# Help, analsysis proof - inf (-A)=-sup(A) [-A= {-a : a∈A}]

1. Sep 19, 2007

### ShengyaoLiang

help...

prove:
let　A be a set of real numbers bounders above.
then, inf (-A)=-sup(A) [-A= {-a : a∈A}]

really...thanks......i have no idear..how to prove it....?

2. Sep 19, 2007

### ShengyaoLiang

the question didn't mention if A is a non-empty set...
so do i need to prove A is a non-empty set?
Or it said is real numbers, then it means is non empty set?

3. Sep 19, 2007

### cks

You don't have to prove A is non-empty.

A is a set of real numbers already means there exists an element x which is a real number and belongs to A. Since there exists such an element, thus A is non-empty.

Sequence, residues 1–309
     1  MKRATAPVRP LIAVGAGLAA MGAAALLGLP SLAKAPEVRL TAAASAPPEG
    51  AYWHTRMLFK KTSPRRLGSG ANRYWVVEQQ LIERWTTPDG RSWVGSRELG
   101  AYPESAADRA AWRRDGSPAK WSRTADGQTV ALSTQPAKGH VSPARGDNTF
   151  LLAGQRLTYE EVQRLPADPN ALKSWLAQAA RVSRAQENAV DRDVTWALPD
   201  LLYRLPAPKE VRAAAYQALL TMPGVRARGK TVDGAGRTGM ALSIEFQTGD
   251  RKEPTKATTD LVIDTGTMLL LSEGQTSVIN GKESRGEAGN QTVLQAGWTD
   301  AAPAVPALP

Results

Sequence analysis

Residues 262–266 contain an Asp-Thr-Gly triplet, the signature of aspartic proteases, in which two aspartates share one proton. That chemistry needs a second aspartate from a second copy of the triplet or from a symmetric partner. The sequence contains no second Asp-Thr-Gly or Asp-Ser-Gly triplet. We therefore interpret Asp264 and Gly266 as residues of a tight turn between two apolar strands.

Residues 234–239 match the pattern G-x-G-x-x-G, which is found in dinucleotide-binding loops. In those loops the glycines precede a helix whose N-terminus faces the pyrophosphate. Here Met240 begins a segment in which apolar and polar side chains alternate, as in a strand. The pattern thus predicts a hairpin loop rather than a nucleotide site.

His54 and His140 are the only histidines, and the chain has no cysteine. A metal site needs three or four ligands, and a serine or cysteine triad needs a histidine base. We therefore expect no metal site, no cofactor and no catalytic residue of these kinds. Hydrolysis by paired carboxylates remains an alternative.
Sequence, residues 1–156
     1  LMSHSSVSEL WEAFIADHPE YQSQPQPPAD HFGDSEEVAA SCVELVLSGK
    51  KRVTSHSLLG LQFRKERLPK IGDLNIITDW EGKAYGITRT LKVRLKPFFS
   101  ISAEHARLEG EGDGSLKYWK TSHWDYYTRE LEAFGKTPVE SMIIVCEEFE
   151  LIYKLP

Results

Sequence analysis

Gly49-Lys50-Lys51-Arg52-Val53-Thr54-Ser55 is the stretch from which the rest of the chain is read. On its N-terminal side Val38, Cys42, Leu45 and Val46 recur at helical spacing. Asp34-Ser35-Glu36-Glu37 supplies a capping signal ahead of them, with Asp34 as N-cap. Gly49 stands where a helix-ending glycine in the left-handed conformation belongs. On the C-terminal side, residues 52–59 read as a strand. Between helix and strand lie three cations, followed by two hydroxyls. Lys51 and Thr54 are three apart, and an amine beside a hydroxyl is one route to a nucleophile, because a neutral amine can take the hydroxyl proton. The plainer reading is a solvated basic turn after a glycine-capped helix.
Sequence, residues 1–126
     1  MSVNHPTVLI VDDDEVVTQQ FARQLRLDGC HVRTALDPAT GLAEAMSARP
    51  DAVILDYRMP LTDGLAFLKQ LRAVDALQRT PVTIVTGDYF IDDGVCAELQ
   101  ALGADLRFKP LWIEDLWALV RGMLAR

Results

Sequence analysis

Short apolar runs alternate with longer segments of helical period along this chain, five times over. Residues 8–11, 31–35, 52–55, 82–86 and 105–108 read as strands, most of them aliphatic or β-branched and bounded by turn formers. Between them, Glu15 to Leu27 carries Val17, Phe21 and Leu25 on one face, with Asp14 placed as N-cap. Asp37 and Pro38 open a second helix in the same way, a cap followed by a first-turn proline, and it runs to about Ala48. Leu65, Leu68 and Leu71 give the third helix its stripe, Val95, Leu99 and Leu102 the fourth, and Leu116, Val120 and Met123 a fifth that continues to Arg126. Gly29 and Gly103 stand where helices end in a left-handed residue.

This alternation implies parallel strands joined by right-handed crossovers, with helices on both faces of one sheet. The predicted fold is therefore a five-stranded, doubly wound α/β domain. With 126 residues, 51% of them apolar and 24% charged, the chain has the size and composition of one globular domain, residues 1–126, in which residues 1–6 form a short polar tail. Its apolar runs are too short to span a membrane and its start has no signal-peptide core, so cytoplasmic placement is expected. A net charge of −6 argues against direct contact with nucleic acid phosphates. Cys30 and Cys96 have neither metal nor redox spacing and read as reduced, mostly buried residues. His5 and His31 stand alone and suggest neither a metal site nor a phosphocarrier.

4. Sep 20, 2007

### HallsofIvy

Staff Emeritus
Notice that a "set of real numbers" is not a "subset of the set of real numbers" since the latter might be empty! It is more common for a theorem like this to start "Let A be a non-empty subset of R."

To prove your theorem- keep multiplying by -1!

For example, sup(A) is, by definition, an upper bound on A.

Let b be any member of -A. Then b=-a for some a in A. We must have $a\le sup(A)$ so, multiplying by -1, $-a= b\ge -sup(A)$. That tells you that -sup(A) is a lower bound on -A. I'll leave the rest to you.